k and k 1 may be pre-computed, since knowledge of the message to be signed is not required for the computations. When k and k 1 are pre-computed, their confidentiality and integrity shall be protected.

Methods for the generation of the per-message secret number are provided in Appendix B.2. 4.6 DSA Signature Generation

Let N be the bit length of q. Let min(N, outlen) denote the minimum of the positive integers N

and outlen, where outlen is the bit length of the hash function output block.

The signature of a message M consists of the pair of numbers r and s that is computed according

to the following equations:

r = (gk mod p) mod q. z = the leftmost min(N, outlen) bits of Hash(M). s = ( k 1 (z + xr)) mod q.

When computing s, the string z obtained from Hash(M) shall be converted to an integer. The conversion rule is provided in Appendix C.2. Note that r may be computed whenever k, p, q and g are available, e.g., whenever the domain parameters p, q and g are known, and k has been pre-computed (see Section 4.5), r may also be pre-computed, since knowledge of the message to be signed is not required for the computation of r. Pre-computed k, k-1 and r values shall be protected in the same manner as the the private key x until s has been computed (see SP 800-57). The values of r and s shall be checked to determine if r = 0 or s = 0. If either r = 0 or s = 0, a new value of k shall be generated, and the signature shall be recalculated. It is extremely unlikely that r = 0 or s = 0 if signatures are generated properly. The signature (r, s) may be transmitted along with the message to the verifier. 4.7 DSA Signature Verification and Validation

Signature verification may be performed by any party (i.e., the signatory, the intended recipient or any other party) using the signatorys public key. A signatory may wish to verify that the computed signature is correct, perhaps before sending the signed message to the intended recipient. The intended recipient (or any other party) verifies the signature to determine its 19

authenticity. Prior to verifying the signature of a signed message, the domain parameters, and the claimed signatorys public key and identity shall be made available to the verifier in an authenticated manner. The public key may, for example, be obtained in the form of a certificate signed by a trusted entity (e.g., a CA) or in a face-to-face meeting with the public key owner. Let M , r, and s be the received versions of M, r, and s, respectively; let y be the public key of the claimed signatory; and let N be the bit length of q. Also, let min(N, outlen) denote the minimum of the positive integers N and outlen, where outlen is the bit length of the hash function output block. The signature verification process is as follows: 1. The verifier shall check that 0 < r < q and 0 < s < q; if either condition is violated, the signature shall be rejected as invalid. 2. If the two conditions in step 1 are satisfied, the verifier computes the following:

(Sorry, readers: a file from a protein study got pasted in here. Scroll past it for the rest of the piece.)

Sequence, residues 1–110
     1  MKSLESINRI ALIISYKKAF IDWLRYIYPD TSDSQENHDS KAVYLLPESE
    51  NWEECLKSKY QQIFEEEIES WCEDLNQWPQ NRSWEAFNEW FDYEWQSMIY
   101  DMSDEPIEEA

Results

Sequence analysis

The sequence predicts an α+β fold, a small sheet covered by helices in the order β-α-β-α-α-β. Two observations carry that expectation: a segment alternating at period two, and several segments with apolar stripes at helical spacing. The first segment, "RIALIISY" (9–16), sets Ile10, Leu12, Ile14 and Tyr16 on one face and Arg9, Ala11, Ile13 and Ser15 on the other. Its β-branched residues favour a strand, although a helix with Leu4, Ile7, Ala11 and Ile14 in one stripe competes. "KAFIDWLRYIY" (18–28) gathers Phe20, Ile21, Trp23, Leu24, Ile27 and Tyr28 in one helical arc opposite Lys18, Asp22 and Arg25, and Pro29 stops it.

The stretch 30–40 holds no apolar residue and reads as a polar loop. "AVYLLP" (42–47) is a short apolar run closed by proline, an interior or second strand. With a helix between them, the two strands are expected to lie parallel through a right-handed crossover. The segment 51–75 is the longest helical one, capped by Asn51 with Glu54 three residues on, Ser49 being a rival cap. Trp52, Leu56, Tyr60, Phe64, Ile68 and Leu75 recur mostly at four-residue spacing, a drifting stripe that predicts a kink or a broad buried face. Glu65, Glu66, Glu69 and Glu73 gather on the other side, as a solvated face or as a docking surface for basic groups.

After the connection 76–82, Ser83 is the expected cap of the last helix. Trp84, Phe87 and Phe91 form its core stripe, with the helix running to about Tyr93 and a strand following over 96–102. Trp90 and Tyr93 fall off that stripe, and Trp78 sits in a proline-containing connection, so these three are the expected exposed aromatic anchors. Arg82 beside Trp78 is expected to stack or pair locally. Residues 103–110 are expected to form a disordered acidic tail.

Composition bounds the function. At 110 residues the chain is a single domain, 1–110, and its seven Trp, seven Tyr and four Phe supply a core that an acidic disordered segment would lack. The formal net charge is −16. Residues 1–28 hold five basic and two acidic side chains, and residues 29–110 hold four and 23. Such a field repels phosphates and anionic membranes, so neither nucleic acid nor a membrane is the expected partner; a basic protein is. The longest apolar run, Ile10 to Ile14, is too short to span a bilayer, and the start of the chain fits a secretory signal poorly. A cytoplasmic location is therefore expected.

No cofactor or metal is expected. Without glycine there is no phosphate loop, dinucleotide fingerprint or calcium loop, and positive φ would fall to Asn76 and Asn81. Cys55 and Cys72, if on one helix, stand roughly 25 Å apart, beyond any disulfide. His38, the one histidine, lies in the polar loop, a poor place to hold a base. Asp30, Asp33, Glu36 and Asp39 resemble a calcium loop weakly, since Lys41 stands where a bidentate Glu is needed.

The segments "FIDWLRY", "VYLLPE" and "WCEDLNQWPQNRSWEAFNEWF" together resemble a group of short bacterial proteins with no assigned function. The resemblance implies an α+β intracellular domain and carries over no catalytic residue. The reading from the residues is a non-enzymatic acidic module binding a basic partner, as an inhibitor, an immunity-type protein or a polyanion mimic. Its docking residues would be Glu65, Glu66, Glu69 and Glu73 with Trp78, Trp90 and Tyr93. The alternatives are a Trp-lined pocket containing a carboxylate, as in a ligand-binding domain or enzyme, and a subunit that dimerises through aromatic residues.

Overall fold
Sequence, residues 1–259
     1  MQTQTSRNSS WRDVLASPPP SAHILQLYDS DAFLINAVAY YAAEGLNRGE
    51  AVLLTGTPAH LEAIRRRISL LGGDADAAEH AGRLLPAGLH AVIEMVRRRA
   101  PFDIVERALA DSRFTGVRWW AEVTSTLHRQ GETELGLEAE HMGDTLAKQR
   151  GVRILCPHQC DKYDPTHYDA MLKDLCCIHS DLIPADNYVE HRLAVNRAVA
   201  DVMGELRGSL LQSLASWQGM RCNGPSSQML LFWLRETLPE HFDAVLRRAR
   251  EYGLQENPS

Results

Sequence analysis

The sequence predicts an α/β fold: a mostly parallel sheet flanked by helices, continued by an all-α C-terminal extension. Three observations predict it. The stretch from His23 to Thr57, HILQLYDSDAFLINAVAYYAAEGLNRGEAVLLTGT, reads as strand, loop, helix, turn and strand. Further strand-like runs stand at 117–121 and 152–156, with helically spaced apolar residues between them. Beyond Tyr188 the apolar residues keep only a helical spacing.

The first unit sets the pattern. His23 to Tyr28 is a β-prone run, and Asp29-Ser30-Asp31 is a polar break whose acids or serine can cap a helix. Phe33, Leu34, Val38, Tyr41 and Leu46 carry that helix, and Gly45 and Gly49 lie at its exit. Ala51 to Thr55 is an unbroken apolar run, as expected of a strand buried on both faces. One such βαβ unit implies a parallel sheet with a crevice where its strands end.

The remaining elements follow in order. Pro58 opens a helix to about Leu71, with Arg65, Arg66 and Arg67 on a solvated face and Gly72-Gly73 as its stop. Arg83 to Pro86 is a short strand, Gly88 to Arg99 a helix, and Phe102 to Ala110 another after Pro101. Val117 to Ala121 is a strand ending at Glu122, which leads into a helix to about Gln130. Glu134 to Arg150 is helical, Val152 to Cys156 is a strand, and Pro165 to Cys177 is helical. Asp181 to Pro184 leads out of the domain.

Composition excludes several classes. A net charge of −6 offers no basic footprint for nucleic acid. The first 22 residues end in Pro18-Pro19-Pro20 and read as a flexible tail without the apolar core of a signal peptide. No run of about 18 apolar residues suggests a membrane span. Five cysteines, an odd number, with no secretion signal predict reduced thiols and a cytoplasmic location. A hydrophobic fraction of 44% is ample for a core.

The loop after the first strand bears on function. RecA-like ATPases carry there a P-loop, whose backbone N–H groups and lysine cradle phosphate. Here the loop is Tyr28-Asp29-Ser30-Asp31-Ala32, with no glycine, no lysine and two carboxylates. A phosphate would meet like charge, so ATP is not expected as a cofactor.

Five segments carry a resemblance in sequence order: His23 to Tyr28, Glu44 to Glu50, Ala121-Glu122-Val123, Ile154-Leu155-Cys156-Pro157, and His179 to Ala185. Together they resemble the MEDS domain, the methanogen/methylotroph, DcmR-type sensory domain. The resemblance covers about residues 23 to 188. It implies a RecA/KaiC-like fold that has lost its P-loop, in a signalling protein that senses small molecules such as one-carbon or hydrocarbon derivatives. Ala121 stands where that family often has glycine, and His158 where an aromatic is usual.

w = (s)1 mod q. z = the leftmost min(N, outlen) bits of Hash(M ). u1 = (zw) mod q. u2 = ((r)w) mod q. v = (((g)u1 (y)u2) mod p) mod q.

A technique is provided in Appendix C.1 for deriving (s )1 (i.e., the multiplicative inverse of s mod q).

The string z obtained from Hash(M) shall be converted to an integer. The conversion

rule is provided in Appendix C.2.

3. If v = r, then the signature is verified. For a proof that v = r when M = M, r = r, and s = s, see Appendix E. 4. If v does not equal r, then the message or the signature may have been modified, there may have been an error in the signatorys generation process, or an imposter (who did not know the private key associated with the public key of the claimed signatory) may have attempted to forge the signature. The signature shall be considered invalid. No inference can be made as to whether the data is valid, only that when using the public key to verify the signature, the signature is incorrect for that data. 5. Prior to accepting the signature as valid, the verifier shall have assurances as specified in Section 3.3. An organizations policy may govern the action to be taken for invalid digital signatures. Such policy is outside the scope of this Standard. Guidance about determining the timeliness of 20

digitally signed messages is addressed in SP 800-102, Recommendation for Digital Signature Timeliness.

21

5.

The use of the RSA algorithm for digital signature generation and verification is specified in American National Standard (ANS) X9.31 and Public Key Cryptography Standard (PKCS) #1. While each of these standards uses the RSA algorithm, the format of the ANS X9.31 and PKCS #1 data on which the digital signature is generated differs in details that make the algorithms non-interchangeable. 5.1 RSA Key Pair Generation